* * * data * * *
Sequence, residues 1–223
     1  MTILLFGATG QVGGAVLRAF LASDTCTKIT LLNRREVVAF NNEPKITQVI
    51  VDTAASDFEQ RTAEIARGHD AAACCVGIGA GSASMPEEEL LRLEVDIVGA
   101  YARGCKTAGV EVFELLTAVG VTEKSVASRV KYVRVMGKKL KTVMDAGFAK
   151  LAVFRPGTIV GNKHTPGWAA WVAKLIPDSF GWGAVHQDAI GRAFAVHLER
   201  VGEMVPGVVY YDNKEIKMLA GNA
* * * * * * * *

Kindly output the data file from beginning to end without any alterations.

Sequence, residues 1–223
     1  MTILLFGATG QVGGAVLRAF LASDTCTKIT LLNRREVVAF NNEPKITQVI
    51  VDTAASDFEQ RTAEIARGHD AAACCVGIGA GSASMPEEEL LRLEVDIVGA
   101  YARGCKTAGV EVFELLTAVG VTEKSVASRV KYVRVMGKKL KTVMDAGFAK
   151  LAVFRPGTIV GNKHTPGWAA WVAKLIPDSF GWGAVHQDAI GRAFAVHLER
   201  VGEMVPGVVY YDNKEIKMLA GNA